[XML-SIG] PyXML, 4suite, libxml2... what should I choose?

Uche Ogbuji Uche.Ogbuji at fourthought.com
Sun Dec 5 23:13:21 CET 2004

On Mon, 2004-11-29 at 19:34 +0000, Frans Englich wrote:
> I need some guidance for the various XML implementations.

Well, at the minimum you'll get argument :-)

> In my project I use the Python DOM classes for instantiations of my XML data, 
> and I need XPath functionality,

4Suite has an XPath implementation that is very easy to use and makes
extending XPath with functions implemented in Python very simple.


> WXS validation,

4Suite does not support WXS.  Advantage libxml2 here.  Then again, if
you have a choice in the matter you really should consider using RELAX
NG instead, which is superior to WXS and is supported by 4Suite.

> and XSLT processing.

4Suite's XSLT processor is also easy to use and extend.


> Currently, I pipe out my structures to libxml2/libxslt's xmllint/xsltproc for 
> doing validation, and XSLT processing. libxml2 is capable, but the solution 
> is ugly, and slow(de-serialization/serialization). In addition, I lack XPath 
> functionality. I have no intentions to skip Python's XML structures, and use 
> for example libxml2's.

Out of curiousity, by "Python's XML structures" do you mean minidom?  If
so, what motivates this reservation?  I should add the disclaimer that
4Suitee's XPath and XSLT features require Domlette rather than minidom.
Domlette is very similar to minidom (much more so than libxml2's DOM-
like structures).  Domlette is also IMO as pythonic as you can get and
still be DOM-like (more Pythonic and you're into the territory of
ElementTree and data bindings such as Anobind, GenerateDS and Gnosis

> So, my plan is to get XPath somewhere, and perhaps be able to substitute 
> libxml2 for something more Pythonic while I'm at it.

You should at least give 4Suite a try if this is your bottom line.

> From what I can tell, there is three major packages to keep an eye on: 1) 
> standard Python; 2) PyXML; 3) 4suite. Let me see if I got this straight:
> * Python have _no_ XPath implementation (right?)


> * PyXML install an XPath implementation(written by fourthought) into Python's 
> package xml(xml.xpath). Is it version 1.0? Is it robust and stable?

It's pretty robust and stable.  It is based on very old code from
4Suite's XPath and the latter has been optimized a great deal and has
added a lot of useful features.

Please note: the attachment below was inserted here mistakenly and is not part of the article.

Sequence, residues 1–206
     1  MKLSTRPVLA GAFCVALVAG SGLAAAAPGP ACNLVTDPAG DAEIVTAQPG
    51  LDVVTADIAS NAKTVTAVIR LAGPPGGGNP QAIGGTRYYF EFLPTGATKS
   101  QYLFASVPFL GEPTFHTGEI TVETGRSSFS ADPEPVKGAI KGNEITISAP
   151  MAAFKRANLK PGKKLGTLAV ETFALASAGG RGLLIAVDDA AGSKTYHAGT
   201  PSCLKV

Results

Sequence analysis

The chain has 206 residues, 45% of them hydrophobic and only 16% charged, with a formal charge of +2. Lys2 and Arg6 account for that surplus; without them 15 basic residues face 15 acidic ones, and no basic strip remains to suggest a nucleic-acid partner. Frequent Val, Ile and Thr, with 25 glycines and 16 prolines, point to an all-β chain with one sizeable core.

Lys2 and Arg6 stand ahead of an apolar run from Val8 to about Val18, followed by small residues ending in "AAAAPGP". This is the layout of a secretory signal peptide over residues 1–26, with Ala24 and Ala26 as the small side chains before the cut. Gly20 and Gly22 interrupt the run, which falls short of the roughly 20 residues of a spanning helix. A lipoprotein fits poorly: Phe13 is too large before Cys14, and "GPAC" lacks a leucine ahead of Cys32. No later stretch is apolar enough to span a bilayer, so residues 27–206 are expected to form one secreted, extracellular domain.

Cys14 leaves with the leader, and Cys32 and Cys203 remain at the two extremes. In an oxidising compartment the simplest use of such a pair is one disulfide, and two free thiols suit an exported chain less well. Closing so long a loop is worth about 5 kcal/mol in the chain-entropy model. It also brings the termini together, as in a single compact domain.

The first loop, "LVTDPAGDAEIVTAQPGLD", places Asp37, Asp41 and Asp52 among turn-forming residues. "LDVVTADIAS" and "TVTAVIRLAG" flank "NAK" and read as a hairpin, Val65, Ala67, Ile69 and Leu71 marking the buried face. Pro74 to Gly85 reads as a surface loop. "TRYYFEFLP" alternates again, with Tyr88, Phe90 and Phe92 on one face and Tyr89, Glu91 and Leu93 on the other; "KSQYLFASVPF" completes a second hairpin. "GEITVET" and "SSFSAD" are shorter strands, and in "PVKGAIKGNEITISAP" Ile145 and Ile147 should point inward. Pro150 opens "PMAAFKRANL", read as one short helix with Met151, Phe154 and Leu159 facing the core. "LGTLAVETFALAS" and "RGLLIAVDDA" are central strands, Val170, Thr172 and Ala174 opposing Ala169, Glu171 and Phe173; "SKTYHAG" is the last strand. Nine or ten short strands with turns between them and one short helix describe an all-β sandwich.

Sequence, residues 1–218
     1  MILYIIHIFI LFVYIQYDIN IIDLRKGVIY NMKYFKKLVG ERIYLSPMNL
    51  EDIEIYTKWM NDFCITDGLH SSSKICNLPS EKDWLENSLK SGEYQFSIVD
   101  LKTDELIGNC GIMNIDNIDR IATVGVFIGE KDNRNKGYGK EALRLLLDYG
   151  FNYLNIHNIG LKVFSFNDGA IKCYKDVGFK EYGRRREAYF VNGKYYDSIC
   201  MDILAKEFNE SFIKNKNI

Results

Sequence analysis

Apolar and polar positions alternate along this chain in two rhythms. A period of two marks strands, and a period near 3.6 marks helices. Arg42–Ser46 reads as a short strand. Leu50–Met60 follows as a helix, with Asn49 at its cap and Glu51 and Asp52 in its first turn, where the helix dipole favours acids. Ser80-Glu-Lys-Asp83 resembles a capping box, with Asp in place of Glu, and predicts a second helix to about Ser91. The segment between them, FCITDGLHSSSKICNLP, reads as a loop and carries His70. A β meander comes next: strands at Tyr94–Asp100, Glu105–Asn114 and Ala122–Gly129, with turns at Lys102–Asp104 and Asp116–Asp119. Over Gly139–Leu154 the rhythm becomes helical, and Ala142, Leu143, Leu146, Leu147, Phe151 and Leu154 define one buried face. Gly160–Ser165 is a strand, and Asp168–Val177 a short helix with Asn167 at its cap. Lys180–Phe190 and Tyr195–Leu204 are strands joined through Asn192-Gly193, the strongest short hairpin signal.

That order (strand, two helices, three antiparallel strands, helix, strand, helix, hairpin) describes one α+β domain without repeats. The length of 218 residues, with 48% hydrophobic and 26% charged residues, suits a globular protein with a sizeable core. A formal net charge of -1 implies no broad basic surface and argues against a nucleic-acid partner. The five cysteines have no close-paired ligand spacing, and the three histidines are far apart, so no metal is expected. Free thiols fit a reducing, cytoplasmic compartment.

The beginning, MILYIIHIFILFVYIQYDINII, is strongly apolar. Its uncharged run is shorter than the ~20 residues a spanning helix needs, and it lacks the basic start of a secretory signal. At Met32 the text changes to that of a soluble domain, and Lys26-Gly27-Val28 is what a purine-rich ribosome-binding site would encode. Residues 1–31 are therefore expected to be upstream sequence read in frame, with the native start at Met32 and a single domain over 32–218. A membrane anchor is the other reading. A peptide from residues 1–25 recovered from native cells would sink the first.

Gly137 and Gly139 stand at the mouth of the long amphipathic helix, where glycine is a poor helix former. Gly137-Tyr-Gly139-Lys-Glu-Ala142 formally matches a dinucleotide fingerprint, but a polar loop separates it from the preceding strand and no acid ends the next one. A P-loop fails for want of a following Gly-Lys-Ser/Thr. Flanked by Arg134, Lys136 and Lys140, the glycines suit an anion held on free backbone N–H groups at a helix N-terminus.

> * PyXML has xml.xslt; not an option since it's not stable/production quality, 
> according to the docs -- or what is its status? How much "experimental" is 
> it?

Basing XSLT on plain DOM is a bit tricky, which is why in 4Suite we've
settled on Domlette-only.  It will take a lot of work to get Python's
xml.xslt compliant and efficient while still using plain old minidom.
Again, it's based on old code from 4Suite which has been much optimized
and otherwise improved since then.

> * 4suite has XPath(another implementation written by fourthought..?) and 
> robust xslt.

It's a much newer version of the XSLT in PyXML.

> * Neither PyXML nor 4suite has a W3C XML Schema stack, so I'll have to look 
> elsewhere; one alternative is XSV but it brings in addition a dependency on 
> PyLTXML. Looks like continuing to pipe to libxml2's xmllint(or link) is still 
> the best alternative.

I suppose another option is to use Trang to convert WXS to RELAX NG and
then use XVIF or 4Suite.

> What is the best option(s) for me? With my interest of keeping the 
> dependencies down, should I go for PyXML-XPath + PyXML-XSLT _if_ it's good 
> enough or libxslt + libxml2-WXS? I could use 4suite's XSLT, but since I 
> nevertheless will have a dependency on libxml2/libxslt for WXS I can use 
> that(and eat the speed penalty).
> Important is it has a future(maintained..) and is stable/trustable.
> What should I go for, and what have I missed?
> BTW, is there any plans to merge any XSLT/XPath stack into vanilla Python? 
> (when?) It's functionality often needed, AFAICT.

XPath is a little language, and XSLT a not-so-little one, so I'd expect
they're too much to stuff into core Pylib, even with the "batteries
included" philosophy.  Add to that the fact that something a bit richer
than minidom would be needed for the data model (if the implementation
is to be at all efficient) and I'd say it's a stretch.

> Yes, I'm new on the Python & XML front..


Uche Ogbuji                                    Fourthought, Inc.
http://uche.ogbuji.net    http://4Suite.org    http://fourthought.com
Use CSS to display XML - http://www.ibm.com/developerworks/edu/x-dw-x-xmlcss-i.html
Location, Location, Location - http://www.xml.com/pub/a/2004/11/24/py-xml.html
The State of Python-XML in 2004 - http://www.xml.com/pub/a/2004/10/13/py-xml.html
Be humble, not imperial (in design) - http://www.adtmag.com/article.asp?id=10286
XMLOpen and more XML Hacks - http://www.ibm.com/developerworks/xml/library/x-think27.html
A survey of XML standards - http://www-106.ibm.com/developerworks/xml/library/x-stand4/

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